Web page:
Wannstedt change of heart complete

Updated: December 24, 2004, 9:35 AM ET
ESPN.com news services

PITTSBURGH -- Former Dolphins coach Dave Wannstedt accepted the coaching job at alma mater Pittsburgh on Thursday, exactly a week after he turned the Panthers down and said he wasn't ready to coach again.

"Yeah, I'm going to do it," Wannstedt told ESPN's Chris Mortensen. "The more I thought about it and talked it over with Jan [his wife], I realized that this was the right job for me at this stage of my career. Jan said, 'Who are you fooling about doing TV? You're a coach. Let's go home.' "

Dave Wannstedt
The similarities between Dave Wannstedt and Pete Carroll are too hard to ignore as Wannstedt takes over at Pitt.

Oklahoma co-defensive coordinator Bo Pelini also was interviewed for the position.

Following his initial talk with athletic director Jeff Long on Dec. 13, Wannstedt remembered one of his first staff meetings as an assistant on Pitt coach Johnny Majors' staff in 1976.

"I was at the end of the table, and I was a little upset -- probably because he made me make the coffee," said Wannstedt, a former Pitt tackle who once blocked for future Heisman Trophy winner Tony Dorsett. "I said to myself, 'Someday I will be the head coach at Pitt.' I've thought about that for a long time."

Now, the former Dolphins and Bears coach takes over a program that isn't quite at a level with that 1976 national championship team, but is vastly improved from the one predecessor Walt Harris inherited in 1996.

Majors went 12-32 during his second and less-successful stay at Pitt from 1993-96, but Harris has since taken Pitt to six bowl games in eight seasons and is 25-12 over the last three seasons. The No. 19 Panthers (8-3) play No. 5 Utah (11-0) in the Jan. 1 Fiesta Bowl, Harris' final game before leaving for Stanford.

Like Long, the 52-year-old Wannstedt thinks Pitt can win a national championship and contend each year in the Big East Conference. He also thinks this will be his final head coaching job, and isn't looking at it as a path back to the NFL.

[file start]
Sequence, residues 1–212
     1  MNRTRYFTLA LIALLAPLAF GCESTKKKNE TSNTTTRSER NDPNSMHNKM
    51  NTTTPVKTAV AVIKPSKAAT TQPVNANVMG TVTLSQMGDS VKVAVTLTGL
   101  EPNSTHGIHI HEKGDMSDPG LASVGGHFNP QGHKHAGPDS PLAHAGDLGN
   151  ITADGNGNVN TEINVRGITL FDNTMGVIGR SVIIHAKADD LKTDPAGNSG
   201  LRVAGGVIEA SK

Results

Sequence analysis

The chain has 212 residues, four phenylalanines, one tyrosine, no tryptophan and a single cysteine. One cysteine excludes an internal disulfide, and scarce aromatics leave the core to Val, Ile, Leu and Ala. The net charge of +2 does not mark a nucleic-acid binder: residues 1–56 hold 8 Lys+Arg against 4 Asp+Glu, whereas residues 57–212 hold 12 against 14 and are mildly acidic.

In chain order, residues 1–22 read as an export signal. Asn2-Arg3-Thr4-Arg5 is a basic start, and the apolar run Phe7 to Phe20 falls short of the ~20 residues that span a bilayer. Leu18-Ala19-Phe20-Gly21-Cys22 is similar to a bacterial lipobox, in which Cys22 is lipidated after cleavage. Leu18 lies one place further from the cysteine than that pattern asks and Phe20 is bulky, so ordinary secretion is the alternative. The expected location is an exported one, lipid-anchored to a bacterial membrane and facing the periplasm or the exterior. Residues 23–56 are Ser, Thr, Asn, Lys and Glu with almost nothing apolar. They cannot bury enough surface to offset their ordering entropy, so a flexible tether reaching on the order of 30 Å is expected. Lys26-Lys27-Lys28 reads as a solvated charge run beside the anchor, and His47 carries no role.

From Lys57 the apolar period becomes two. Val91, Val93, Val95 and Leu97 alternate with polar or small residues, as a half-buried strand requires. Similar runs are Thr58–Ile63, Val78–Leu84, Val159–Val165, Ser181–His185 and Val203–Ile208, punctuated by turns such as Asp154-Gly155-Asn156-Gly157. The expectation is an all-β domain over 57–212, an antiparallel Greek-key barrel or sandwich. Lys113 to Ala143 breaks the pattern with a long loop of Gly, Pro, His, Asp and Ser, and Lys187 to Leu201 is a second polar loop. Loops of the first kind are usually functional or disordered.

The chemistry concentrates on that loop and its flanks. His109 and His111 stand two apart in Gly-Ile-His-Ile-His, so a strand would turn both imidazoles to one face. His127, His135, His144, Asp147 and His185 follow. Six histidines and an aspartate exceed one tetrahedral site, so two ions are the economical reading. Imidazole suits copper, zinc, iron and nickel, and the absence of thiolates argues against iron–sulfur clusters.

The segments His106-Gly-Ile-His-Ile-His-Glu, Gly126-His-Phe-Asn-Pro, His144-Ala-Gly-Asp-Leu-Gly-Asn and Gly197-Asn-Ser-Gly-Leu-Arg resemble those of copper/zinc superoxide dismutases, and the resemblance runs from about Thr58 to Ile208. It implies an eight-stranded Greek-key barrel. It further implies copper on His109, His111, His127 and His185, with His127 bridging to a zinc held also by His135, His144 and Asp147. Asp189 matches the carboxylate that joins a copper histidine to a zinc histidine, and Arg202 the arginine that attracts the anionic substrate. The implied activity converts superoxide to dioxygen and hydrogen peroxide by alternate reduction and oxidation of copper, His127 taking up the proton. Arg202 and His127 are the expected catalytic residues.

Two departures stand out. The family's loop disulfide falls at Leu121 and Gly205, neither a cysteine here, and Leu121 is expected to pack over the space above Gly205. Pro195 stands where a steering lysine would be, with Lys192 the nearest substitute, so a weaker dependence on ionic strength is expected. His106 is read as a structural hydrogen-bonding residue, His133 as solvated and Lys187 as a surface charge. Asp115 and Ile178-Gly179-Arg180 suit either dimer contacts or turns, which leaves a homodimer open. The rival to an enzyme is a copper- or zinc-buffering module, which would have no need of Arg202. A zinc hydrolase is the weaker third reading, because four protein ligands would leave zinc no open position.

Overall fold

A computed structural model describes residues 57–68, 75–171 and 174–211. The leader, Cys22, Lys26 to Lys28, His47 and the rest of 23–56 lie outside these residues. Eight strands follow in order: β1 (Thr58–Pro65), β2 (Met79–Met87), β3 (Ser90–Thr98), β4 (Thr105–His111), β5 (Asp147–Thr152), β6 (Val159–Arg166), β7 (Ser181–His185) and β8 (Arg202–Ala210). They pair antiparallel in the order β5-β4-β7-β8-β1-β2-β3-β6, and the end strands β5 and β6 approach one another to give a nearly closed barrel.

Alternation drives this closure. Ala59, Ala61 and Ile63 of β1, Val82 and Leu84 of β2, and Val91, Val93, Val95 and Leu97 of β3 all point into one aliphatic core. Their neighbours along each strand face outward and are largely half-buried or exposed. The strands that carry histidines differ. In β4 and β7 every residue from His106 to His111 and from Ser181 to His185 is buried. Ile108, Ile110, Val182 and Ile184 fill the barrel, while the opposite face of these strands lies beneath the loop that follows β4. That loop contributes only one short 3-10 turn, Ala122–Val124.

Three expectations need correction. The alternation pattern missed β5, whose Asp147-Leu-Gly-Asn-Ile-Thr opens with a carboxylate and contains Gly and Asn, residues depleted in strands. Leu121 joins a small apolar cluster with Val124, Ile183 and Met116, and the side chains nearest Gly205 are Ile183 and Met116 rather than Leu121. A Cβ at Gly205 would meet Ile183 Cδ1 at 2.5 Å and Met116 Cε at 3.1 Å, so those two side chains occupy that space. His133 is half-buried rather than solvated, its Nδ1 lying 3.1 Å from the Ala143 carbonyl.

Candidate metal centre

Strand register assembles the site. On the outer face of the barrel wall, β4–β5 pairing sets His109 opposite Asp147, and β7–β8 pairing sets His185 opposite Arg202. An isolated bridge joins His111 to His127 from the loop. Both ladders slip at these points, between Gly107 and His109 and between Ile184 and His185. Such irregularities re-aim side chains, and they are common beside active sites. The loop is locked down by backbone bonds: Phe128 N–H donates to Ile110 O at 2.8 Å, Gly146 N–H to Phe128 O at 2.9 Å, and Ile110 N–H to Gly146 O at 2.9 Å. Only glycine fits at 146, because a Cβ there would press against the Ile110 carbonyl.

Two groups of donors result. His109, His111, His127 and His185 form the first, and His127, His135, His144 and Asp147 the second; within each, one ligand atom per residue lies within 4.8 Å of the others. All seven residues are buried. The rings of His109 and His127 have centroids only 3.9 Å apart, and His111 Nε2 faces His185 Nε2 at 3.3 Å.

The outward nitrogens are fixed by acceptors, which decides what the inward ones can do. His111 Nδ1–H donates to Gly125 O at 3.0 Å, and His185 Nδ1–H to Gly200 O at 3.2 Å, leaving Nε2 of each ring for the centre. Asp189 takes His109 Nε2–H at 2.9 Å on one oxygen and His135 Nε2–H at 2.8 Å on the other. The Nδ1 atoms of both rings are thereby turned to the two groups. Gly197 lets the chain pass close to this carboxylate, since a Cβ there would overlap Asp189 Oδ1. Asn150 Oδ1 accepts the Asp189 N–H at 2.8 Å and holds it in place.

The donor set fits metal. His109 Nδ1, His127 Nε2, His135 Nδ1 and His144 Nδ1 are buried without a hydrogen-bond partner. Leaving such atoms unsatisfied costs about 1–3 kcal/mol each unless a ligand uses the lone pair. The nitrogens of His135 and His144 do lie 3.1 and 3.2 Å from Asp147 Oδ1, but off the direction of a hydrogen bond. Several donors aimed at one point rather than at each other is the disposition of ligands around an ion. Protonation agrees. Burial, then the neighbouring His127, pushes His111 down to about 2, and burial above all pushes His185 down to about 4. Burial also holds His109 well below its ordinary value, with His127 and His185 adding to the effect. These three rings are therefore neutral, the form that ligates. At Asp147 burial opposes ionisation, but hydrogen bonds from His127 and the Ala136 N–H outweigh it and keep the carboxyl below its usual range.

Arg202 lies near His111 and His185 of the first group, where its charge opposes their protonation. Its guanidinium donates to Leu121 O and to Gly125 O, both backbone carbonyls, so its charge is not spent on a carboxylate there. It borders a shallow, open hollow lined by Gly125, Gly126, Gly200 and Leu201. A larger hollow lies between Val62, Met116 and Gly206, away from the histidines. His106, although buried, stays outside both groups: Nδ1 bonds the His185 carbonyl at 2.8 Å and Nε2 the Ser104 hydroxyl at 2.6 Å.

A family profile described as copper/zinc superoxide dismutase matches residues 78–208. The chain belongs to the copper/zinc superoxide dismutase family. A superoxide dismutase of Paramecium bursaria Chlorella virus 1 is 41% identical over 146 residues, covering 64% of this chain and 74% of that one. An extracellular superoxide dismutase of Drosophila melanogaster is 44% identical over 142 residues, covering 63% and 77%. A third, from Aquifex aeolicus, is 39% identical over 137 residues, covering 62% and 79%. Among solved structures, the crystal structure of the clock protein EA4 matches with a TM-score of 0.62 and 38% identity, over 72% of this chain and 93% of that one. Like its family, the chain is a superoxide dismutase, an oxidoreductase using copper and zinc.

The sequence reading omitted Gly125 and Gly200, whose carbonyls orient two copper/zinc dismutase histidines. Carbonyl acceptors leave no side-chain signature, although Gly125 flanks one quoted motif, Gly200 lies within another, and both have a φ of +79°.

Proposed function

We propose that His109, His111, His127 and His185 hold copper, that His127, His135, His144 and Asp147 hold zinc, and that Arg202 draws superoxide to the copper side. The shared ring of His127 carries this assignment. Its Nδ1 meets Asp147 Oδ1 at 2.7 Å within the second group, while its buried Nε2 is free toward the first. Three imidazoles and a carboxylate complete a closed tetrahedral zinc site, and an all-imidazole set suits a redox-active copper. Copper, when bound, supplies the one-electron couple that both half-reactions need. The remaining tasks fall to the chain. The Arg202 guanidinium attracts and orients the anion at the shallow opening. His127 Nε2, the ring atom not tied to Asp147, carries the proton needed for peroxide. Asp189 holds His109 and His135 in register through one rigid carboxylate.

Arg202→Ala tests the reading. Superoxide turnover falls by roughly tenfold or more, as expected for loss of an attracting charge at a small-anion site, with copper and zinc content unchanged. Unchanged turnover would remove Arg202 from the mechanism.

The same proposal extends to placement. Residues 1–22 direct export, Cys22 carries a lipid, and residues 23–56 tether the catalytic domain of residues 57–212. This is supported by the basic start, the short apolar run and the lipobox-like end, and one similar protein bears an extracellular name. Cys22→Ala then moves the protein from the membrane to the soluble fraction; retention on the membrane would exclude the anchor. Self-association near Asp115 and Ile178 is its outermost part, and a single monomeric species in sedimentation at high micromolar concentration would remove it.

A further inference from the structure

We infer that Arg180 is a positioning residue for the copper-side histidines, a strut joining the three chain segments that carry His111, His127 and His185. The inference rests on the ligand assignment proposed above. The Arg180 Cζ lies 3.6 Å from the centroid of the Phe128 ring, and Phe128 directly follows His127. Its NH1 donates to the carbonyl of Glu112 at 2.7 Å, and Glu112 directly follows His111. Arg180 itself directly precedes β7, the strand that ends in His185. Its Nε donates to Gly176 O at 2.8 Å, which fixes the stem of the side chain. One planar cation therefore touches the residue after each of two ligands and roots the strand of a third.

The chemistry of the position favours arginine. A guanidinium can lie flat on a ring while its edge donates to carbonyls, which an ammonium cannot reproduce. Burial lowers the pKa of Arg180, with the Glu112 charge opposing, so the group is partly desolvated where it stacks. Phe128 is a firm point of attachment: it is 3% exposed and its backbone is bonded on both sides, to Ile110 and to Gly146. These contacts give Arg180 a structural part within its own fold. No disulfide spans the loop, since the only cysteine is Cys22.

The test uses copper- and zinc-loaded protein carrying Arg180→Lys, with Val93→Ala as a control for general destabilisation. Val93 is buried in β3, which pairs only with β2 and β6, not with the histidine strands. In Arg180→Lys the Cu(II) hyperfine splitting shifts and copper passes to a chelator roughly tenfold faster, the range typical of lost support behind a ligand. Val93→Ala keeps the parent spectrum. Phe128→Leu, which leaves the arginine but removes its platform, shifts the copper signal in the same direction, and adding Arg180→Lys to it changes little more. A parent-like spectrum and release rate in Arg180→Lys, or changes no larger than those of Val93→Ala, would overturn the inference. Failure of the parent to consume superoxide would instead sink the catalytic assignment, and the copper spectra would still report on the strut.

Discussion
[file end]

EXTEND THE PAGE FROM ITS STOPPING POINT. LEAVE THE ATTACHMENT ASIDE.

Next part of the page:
"Nobody needs to tell me about Pitt's tradition," Wannstedt said. "I lived it, experienced it, felt it. The passion that drives me is to return to the great days at Pitt."

The immediate future looks promising: Pitt returns most of its regulars next season, including star quarterback Tyler Palko.

Palko was the only player to attend Wannstedt's introductory news conference, sitting a few seats down from Majors. Palko was the most outspoken of Pitt's players about retaining Harris, who was hired by Stanford without Pitt making an effort to keep him.

"He (Wannstedt) wants to win, win now and win at the highest level," said Palko, who only days before said it "stinks" that Harris wasn't coming back. "I'm real excited about that."

Wannstedt doesn't plan to tinker with Palko, the first quarterback to throw five touchdown passes against Notre Dame, but said Pitt needs better running backs to support him.

Pitt did not discuss Wannstedt's contract terms, but he is believed to have signed a five-year contract worth at least $800,000 per season, or about $150,000 more than Harris was making.

Wannstedt faces a busy few weeks hiring a staff -- he wants to retain some of Harris' assistants, including defensive coordinator Paul Rhoads -- and finishing up Pitt's recruiting. The former Pitt, Oklahoma State, Southern Cal and University of Miami assistant isn't worried about trying to recruit 18-year-old high school students rather than millionaire NFL free agents.

"I wish I could talk to a recruit today," Wannstedt said. "Nobody has to coach me up on how to sell this university."

And Long didn't need to sell Pitt to Wannstedt, who began having second thoughts about the Pitt job shortly after initially turning down Long.

Wannstedt called Long back on Tuesday night and said he was interested, then flew to Pittsburgh on Wednesday night. He finalized the deal Thursday morning before a hectic series of meetings with chancellor Mark A. Nordenberg, Harris, Harris' assistant coaches and Steelers owner Dan Rooney and coach Bill Cowher. Pitt and the Steelers share a practice complex.

Coincidentally, Wannstedt and Cowher were the two finalists in 1992 when the Steelers hired Cowher.

Wannstedt, who grew up in the Pittsburgh suburb of Baldwin, had a 43-33 record in 4½ seasons with Miami -- 42-25 before this season -- but his lone playoff victory came four years ago. Wannstedt coached the Bears from 1993-98, going 41-57, after being the Dallas Cowboys' defensive coordinator from 1989-92.

Information from The Associated Press was used in this report.

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